Crypts and Charnel Houses
A salon in the cemetery with Jane Sidell and Malcolm Johnson
Sunday 18th October from 3:30 to 5:00 pm
Eighty percent of people who die in the UK today are cremated, a practice which is causing us to lose touch with the customs and art forms of burial. London's crypts and charnel houses - the traditional repositories of human remains - offer fascinating and sometimes macabre and piquant insights into the social, cultural and religious history of the capital.
Tickets £12 including a Hendrick's Gin Cocktail.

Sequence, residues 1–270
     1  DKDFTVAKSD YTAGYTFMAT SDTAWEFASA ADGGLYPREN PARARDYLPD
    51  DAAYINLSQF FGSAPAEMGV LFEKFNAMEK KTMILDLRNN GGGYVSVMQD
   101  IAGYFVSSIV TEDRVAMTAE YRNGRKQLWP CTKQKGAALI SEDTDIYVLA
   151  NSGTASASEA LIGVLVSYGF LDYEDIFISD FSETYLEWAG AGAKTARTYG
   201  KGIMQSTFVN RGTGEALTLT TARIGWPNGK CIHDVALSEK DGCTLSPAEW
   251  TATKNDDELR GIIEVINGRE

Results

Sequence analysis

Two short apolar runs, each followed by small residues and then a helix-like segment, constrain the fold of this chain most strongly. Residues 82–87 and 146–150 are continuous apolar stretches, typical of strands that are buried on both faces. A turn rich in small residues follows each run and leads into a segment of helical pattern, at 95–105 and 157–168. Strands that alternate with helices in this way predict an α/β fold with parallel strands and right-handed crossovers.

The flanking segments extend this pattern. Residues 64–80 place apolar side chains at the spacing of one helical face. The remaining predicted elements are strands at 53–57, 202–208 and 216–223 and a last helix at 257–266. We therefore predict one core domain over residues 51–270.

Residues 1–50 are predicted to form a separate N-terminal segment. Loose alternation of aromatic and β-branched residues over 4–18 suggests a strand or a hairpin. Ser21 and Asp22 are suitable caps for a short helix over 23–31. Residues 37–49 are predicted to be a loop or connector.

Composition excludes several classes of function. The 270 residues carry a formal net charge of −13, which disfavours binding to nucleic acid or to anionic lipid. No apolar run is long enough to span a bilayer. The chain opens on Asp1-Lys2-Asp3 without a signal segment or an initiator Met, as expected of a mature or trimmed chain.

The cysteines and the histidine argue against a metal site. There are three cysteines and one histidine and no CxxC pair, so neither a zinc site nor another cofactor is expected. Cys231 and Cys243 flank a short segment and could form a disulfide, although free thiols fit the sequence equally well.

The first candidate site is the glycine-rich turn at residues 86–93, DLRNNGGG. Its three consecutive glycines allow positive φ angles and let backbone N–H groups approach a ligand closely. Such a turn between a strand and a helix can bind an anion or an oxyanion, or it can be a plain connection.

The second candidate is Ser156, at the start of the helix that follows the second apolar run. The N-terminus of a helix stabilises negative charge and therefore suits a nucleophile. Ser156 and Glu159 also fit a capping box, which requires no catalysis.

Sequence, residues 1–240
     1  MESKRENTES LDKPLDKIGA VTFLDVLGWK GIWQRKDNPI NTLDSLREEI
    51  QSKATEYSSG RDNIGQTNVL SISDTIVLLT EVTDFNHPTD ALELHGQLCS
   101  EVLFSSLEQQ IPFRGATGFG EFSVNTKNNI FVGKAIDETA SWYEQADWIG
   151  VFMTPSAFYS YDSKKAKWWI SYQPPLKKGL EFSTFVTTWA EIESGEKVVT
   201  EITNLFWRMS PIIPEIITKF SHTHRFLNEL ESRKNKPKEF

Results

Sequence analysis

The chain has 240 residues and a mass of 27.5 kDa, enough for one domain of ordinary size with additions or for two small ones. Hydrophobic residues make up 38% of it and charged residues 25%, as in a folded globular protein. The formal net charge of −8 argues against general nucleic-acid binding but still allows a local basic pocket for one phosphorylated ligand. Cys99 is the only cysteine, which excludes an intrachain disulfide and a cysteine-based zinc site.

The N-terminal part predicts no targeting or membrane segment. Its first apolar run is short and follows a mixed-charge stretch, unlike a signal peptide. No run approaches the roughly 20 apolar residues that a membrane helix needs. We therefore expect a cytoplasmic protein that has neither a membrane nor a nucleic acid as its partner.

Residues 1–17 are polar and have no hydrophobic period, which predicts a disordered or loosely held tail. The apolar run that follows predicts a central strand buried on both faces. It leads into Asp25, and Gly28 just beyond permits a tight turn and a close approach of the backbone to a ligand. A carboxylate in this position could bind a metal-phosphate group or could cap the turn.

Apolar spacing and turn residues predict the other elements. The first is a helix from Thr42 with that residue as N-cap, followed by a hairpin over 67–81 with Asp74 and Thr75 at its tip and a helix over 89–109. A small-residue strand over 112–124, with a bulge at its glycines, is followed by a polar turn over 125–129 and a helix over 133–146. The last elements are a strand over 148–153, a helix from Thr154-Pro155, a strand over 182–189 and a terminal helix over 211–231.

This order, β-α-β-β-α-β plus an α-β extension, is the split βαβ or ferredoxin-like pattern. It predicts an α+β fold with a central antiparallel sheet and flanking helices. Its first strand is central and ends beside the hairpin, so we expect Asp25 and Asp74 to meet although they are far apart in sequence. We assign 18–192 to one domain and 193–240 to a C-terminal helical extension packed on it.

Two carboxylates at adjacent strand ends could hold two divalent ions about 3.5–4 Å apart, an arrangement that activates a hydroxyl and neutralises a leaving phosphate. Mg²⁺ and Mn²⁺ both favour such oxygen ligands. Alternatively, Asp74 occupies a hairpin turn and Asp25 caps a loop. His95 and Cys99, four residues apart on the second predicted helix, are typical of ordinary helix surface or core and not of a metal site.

After the Great Fire of 1666 there was a frenzy of church building in the City of London. These new buildings had spacious crypts, allowing unscrupulous clergymen to earn extra cash by permitting wealthy parishioners pay to be interred there.
MALCOLM JOHNSON will relate stories of the recent discoveries made as these subterranean vaults have been gradually cleared to house modern day restaurants and wine bars.
DR JANE SIDELL will uncover the fascinating history of the Spitalfields Charnel House - one of London's original repositories of medieval cadavers. Built on the site of a burial ground dating back to the Roman occupation, it was once part of the medieval Hospital of St Mary without Bishopsgate where it stored the bones of thousands of people who died during the great famine of the thirteenth century.